Slow to Wrath
“He who is slow to wrath has great understanding,
But he who is impulsive exalts folly” (Proverbs 14:29).
Solomon had an understanding of human nature that leaves us in awe, and a person who masters the principles in Solomon’s teaching indeed rises above the norm. He wasn’t alone in his instruction about anger, but he was one of the most effective.
A person who can maintain self-control, even when severely provoked, shows his understanding of the fact that a public demonstration of his emotional feelings only brings shame to himself—it doesn’t win anyone to his cause.
The lesson is for us to think first before we speak. Such behavior shows that we are not foolish nor impulsive, it will gain the respect of our fellows, and it will be a powerful example for those around us to follow.
“Blessed are the peacemakers, for they shall be called sons of God” (Matthew 5.9).
Jesus pronounces this blessing in His first recorded sermon in what are called The Beatitudes when He is speaking to the multitudes on the mountain. He is teaching these people some of the characteristics of those who will become a part of His coming kingdom.
To be a peacemaker is quite different from living peaceably. A peacemaker is one who brings about peace or, at least, one who actively works to reconcile others who are not at peace. Jesus Himself is the Prince of Peace; so, it is only fitting that His followers serve as agents to help others find peace.
This passage places the role of peacemaker at the top of any list: all serious spiritually-minded people want to be called a son (or a daughter) of God; thus, we must take to heart this challenge to be a peacemaker.
“If it is possible, as much as depends on you, live peaceably with all men” (Romans 12:18).
Followers of Christ are under a mandate to maintain a peaceable relationship with all of the people around them, both Christians and non-Christians. Paul reinforces that mandate in this verse.
Such a direct mandate might be confusing if it were not for the two qualifiers that precede it. The first qualifier is that it must be within the realm of possibility. It is not always possible to live peaceably when truth is under fire—that is, when God’s will is violated or when we are commanded to perform some act that is in violation of God’s will.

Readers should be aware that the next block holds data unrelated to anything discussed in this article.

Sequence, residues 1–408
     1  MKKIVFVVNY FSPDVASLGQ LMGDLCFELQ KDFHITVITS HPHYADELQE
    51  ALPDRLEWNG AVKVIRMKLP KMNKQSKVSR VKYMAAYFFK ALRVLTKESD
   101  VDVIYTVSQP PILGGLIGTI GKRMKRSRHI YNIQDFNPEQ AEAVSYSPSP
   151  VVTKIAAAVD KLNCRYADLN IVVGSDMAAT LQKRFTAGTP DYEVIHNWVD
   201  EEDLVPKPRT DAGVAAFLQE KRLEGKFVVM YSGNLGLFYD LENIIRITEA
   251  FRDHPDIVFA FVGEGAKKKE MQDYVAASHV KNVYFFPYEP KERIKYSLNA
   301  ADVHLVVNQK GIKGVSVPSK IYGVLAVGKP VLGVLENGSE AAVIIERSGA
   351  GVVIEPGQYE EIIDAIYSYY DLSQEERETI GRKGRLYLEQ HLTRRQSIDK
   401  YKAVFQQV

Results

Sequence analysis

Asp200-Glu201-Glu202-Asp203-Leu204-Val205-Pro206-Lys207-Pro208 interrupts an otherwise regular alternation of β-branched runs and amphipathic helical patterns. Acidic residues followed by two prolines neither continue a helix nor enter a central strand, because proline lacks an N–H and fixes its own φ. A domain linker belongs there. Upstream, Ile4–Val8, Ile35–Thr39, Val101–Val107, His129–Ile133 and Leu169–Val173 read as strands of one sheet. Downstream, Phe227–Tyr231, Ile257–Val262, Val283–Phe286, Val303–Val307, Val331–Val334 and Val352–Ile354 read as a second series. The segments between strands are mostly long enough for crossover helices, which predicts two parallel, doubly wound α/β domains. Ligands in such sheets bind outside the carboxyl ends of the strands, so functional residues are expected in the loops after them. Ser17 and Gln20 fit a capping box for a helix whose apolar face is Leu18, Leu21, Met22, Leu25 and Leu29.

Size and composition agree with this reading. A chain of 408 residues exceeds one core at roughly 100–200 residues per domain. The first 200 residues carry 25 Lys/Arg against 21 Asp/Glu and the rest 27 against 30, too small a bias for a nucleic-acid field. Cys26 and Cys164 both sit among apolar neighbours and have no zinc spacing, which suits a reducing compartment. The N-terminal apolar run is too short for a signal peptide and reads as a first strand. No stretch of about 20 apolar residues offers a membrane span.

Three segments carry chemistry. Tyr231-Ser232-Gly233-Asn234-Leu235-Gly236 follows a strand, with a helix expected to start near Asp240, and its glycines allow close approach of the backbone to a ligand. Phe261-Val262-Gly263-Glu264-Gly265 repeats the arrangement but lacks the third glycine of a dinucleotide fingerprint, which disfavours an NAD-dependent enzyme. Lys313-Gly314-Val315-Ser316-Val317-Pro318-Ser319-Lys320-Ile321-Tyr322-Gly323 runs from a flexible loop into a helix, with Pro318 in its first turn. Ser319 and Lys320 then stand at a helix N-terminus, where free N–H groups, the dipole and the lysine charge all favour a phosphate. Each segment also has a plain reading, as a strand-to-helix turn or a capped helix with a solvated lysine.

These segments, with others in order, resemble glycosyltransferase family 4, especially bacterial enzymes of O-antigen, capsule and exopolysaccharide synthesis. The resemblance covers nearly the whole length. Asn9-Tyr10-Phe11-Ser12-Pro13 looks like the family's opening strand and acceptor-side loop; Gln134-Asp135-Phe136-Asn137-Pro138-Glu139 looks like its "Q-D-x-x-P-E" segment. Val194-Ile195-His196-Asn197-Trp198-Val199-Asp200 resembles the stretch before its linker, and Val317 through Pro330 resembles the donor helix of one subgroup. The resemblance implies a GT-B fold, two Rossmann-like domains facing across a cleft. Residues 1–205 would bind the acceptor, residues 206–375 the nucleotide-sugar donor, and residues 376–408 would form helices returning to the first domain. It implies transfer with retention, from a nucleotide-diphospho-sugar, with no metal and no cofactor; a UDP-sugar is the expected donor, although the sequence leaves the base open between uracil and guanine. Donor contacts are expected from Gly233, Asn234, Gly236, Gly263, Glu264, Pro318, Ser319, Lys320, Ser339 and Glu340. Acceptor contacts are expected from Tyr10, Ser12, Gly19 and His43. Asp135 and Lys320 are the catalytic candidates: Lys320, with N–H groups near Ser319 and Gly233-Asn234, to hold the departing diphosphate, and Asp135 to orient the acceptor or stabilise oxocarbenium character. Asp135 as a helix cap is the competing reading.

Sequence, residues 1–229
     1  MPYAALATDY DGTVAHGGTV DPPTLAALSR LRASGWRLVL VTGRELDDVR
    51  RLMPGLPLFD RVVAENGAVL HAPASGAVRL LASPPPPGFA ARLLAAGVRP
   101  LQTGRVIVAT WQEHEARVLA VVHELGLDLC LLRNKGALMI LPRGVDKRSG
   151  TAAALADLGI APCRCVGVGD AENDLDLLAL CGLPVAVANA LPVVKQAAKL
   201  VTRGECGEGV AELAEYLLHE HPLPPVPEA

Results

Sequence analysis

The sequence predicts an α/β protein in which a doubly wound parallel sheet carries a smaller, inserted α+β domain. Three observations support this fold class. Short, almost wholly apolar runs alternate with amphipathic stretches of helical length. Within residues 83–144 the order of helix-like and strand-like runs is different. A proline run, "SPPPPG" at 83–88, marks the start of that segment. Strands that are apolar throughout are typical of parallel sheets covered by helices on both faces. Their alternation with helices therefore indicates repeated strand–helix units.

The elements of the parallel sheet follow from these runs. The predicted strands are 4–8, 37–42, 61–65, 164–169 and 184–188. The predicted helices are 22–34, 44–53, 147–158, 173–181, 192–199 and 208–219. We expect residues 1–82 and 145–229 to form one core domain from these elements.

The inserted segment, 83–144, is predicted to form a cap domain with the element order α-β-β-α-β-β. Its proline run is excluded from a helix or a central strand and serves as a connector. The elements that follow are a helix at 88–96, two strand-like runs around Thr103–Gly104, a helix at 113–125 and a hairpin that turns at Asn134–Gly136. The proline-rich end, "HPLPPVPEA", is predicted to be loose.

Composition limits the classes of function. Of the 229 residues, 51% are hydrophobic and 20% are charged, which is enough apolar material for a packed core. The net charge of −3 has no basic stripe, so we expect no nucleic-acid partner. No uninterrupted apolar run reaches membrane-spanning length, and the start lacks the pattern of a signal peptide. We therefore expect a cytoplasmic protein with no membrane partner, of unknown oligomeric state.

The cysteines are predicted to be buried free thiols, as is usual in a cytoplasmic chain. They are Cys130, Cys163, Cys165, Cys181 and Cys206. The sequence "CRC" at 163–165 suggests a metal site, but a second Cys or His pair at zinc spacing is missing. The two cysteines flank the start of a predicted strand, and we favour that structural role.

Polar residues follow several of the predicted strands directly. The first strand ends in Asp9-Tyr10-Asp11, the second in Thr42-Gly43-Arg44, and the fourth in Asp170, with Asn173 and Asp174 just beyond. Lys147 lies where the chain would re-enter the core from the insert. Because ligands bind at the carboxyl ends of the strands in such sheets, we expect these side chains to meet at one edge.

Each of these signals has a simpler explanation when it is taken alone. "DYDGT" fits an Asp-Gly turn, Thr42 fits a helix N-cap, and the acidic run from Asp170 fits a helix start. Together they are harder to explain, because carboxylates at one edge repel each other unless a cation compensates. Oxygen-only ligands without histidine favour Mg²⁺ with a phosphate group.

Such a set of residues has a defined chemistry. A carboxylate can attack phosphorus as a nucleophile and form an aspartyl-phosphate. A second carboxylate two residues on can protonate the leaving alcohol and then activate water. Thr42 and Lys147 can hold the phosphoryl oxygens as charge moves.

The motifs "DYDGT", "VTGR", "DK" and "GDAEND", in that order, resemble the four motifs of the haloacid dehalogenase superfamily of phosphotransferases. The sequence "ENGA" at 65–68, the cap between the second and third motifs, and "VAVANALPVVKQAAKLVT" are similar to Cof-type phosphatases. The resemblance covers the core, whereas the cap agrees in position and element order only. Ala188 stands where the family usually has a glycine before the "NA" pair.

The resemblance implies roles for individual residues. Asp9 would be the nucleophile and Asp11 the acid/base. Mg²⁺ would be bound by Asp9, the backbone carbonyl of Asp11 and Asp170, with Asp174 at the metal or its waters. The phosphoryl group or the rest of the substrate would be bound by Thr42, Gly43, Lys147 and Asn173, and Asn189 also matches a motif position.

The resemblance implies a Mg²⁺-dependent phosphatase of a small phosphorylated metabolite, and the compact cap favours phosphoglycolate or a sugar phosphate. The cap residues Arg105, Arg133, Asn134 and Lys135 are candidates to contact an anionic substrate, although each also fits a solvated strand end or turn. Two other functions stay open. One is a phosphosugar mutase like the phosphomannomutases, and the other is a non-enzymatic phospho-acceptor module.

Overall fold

The second qualifier, “as much as depends on you,” really means “do as much as you can to be at peace with others.” So, a lack of peace cannot be because we are just causing trouble or because we can’t control our temper. Unless hindered by one or both of these qualifiers, then, we are commanded to live in peace with others.
A Study of the Fruit of the Spirit
“But the fruit of the Spirit is love, joy, peace, longsuffering, kindness, goodness, faithfulness” (Galatians 5:22).
The kind of “peace” taught in this passage is both inward and outward. A person who has allowed himself to come under the teachings of the Spirit and who has internalized those traits into his thinking and behavior will find tranquility within himself and will demonstrate that tranquility toward God and others.
In Christ, we have the peace that passes all human understanding because we know the everlasting hope that belongs to the faithful—it is a peace within our soul. As well, we demonstrate that peace toward others as we interact with them in our daily activities.
This peace is set in contrast to the divisive, factious spirit that the apostle has just condemned under the works of the flesh. With real peace, those negative qualities go away; and we exist harmoniously with our fellow Christians, the church operates harmoniously, and we maintain a peaceful relationship with God.
“Great peace have those who love your law, And nothing causes them to stumble” (Psalm 119:165).
The psalmist here picks up on something the world craves but has little idea about how to find: peace. Many believe peace is achieved when one manipulates people and situations into a comfortable position in which there is no conflict.
Real peace comes, however, for those who love the law of the Lord and internalize it so much that it becomes the dominant factor in their lives. Then it will guide them so they can make decisions that lead to contentment and serenity rather than dismay and heartache.
It is not that their lives are free from difficulties: but it is that they have the spiritual resources readily available to cope with whatever comes in their lives.
Peace with God is a peace experienced only when a person has a covenant relationship with Him. When we have that kind of relationship, the word itself becomes our line of defense against stumbling or leaving the Lord.
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